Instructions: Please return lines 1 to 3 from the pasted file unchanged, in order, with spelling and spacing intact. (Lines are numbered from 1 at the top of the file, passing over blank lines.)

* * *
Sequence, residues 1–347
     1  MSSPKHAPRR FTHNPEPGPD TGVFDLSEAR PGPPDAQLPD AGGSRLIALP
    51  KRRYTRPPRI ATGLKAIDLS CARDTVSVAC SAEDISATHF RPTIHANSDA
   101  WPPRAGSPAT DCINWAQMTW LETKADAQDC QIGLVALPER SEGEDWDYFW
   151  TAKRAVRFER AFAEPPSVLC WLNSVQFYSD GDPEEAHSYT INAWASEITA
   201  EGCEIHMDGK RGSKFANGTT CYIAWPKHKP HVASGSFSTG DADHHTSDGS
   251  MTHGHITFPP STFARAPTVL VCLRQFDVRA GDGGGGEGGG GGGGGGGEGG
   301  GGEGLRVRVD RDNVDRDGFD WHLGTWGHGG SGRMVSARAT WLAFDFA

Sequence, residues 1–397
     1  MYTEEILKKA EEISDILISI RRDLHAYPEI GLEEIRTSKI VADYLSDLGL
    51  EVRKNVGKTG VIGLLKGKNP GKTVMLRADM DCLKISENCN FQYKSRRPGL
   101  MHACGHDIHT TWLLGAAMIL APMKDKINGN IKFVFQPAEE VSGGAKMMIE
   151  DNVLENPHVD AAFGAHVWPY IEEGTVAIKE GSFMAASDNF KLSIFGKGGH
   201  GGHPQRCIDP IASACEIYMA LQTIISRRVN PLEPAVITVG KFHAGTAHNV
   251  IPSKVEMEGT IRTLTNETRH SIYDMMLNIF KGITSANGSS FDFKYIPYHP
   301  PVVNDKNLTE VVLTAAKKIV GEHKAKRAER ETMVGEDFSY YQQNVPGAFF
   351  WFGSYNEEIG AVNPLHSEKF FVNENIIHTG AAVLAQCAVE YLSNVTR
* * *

Sequence, residues 1–347
     1  MSSPKHAPRR FTHNPEPGPD TGVFDLSEAR PGPPDAQLPD AGGSRLIALP
    51  KRRYTRPPRI ATGLKAIDLS CARDTVSVAC SAEDISATHF RPTIHANSDA